Google AdWords is one of the very best advertising platforms for companies looking to get targeted traffic to their website. Its strengths lie in its pay-per-click payment system, as well as the fact that the ads appear above the search results on what is by far the world’s most popular search engine. By targeting the right keywords and using well-designed ads, companies can ensure that visitors looking for specific, relevant content and items will find their site and thereby be more likely to make a purchase or to leave their details. You can learn more about this system here.
In short, if someone searches ‘buy big Christmas tree’ and you sell big Christmas trees, then having your ad come up can only be a good thing for your site. Companies know this and that’s why they collectively spent 1.34 billion dollars on AdSense last year.
But one company spent more than any of them. Can you guess who it was?
AdSense’s Biggest Spender
The answer is Amazon who, according to this report from KeywordSpy, spent over $1 million dollars on AdWords a day during August 2014. This resulted in 1.5 million clicks a day, at an average of $0.67 cents per click. Keywords include:
- ‘Electronic book’
- ‘X File DVD’
- Planet Earth DVDs
- Yoga DVD
- Car cooler 12v
- Learn to speak Italian DVD
- Flash for Cannon Powershoot
A pretty eclectic group of very specific keywords that cater very specifically to the individual items that visitors might be searching for. Competition for these keywords comes from the likes of NexTag.com, Shopzilla.com, Gifts.com, BizRate.com and of course eBay.
What We Can Learn From Amazon
So what does this all mean? What can we take away from Amazon’s approach to AdWords?
Well, first and foremost, we can learn that Amazon has a big budget when it comes to marketing. We’d probably all like to be able to spend that much on advertising but unless you’re a Fortune 500 company then that’s pretty much out of the question.
What you can emulate though is the nature of Amazon’s keyphrase choice. These words have been chosen specifically to target those looking for particular items and clicking on the ad will take you straight to the page where you can find that item, thus ensuring a high conversion rate. That’s why Amazon get such a high ROI and it’s why they can spend so much on AdWords.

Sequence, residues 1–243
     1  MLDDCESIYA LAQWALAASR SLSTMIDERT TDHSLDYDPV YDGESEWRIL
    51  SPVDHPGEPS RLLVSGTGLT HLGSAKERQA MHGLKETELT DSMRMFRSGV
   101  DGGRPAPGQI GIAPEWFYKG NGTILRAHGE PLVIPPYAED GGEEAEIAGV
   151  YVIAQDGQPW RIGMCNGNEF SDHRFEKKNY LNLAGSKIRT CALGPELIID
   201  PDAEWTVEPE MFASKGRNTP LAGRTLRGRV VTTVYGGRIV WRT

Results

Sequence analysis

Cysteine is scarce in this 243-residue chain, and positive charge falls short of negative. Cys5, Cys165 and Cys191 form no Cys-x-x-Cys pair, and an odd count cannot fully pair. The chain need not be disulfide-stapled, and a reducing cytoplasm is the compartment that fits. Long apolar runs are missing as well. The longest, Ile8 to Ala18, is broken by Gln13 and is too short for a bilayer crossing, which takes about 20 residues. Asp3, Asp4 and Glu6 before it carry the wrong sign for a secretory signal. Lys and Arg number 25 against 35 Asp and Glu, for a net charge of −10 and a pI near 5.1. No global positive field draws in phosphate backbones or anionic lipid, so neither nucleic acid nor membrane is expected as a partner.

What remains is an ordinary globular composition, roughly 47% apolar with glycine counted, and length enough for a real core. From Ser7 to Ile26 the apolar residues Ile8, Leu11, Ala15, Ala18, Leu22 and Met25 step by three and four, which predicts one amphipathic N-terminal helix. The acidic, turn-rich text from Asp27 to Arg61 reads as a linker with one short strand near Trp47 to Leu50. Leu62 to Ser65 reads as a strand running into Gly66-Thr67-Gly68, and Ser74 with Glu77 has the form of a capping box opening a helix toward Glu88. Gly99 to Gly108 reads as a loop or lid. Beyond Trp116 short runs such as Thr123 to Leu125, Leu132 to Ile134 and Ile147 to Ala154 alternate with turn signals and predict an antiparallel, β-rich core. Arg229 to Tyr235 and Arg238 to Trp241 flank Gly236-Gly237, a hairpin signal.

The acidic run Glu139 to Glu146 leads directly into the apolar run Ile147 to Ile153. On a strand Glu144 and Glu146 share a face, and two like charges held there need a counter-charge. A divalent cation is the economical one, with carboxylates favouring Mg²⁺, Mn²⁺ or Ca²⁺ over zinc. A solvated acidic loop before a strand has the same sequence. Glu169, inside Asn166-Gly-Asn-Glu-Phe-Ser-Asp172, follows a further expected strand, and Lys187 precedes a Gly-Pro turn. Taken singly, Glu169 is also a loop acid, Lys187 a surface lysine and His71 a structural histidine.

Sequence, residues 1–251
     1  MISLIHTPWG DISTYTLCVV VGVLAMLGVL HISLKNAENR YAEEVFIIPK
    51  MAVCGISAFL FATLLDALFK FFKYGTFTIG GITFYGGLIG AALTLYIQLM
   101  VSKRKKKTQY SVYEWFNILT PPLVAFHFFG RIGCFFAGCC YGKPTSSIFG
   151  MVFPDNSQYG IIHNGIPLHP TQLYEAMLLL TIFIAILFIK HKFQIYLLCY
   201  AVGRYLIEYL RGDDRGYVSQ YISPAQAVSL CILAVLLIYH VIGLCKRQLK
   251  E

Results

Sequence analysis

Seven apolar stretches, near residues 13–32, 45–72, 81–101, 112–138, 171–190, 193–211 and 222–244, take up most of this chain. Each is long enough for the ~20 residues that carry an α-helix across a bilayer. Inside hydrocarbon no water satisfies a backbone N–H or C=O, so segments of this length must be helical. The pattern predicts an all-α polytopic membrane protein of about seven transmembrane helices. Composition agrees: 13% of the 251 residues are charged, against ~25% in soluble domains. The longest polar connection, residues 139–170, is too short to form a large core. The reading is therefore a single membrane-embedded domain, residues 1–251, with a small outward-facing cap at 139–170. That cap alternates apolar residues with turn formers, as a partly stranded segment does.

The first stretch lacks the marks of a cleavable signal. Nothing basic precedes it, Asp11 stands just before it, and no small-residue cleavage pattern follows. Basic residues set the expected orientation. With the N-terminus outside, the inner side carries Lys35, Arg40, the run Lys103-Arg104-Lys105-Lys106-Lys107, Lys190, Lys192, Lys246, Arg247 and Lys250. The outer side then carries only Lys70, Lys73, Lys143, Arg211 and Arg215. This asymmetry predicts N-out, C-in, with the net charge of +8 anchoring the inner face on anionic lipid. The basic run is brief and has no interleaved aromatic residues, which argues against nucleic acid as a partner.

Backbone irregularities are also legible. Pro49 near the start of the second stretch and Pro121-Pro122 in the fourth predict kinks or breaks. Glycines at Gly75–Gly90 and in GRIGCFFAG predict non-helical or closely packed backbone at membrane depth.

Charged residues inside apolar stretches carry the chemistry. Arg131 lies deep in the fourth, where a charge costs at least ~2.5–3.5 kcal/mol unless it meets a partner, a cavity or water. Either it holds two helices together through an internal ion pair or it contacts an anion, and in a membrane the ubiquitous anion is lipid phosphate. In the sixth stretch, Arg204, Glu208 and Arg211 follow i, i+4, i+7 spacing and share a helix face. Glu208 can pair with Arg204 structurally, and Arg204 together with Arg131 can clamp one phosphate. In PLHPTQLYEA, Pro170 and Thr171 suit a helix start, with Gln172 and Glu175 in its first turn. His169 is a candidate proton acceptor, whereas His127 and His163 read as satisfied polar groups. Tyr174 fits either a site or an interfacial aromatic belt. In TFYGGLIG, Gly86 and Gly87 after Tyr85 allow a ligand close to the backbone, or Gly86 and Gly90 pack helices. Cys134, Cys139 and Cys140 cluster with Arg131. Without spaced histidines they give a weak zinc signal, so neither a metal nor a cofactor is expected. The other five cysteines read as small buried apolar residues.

The same might not be true for you if you sell a service or a lesser known product. In these cases, your visitors might be ‘browsing’ rather than buying. With an ‘X Files DVD’ however, the item will be the same no matter where they buy it and thus clicks are almost guaranteed to result in purchases. Amazon’s pre-existing brand recognition will help a lot too as people will know whether they’d be happy to buy from them before they even click. They know the product, they know the company… so they probably won’t click unless they definitely want to buy.
Amazon could reduce unwanted clicks even further if they added the word ‘buy’ to the search string, or if they included the price though that would limit their exposure and it’s not really necessary in their case. These are things you could consider for your own products though.
So there you have it: Amazon is the big spender on AdWords, which is mostly down to the nature of their business and their recognized brand. If you sell a product from your site that people are likely to buy from you without shopping around, then you might consider upping your spending there too.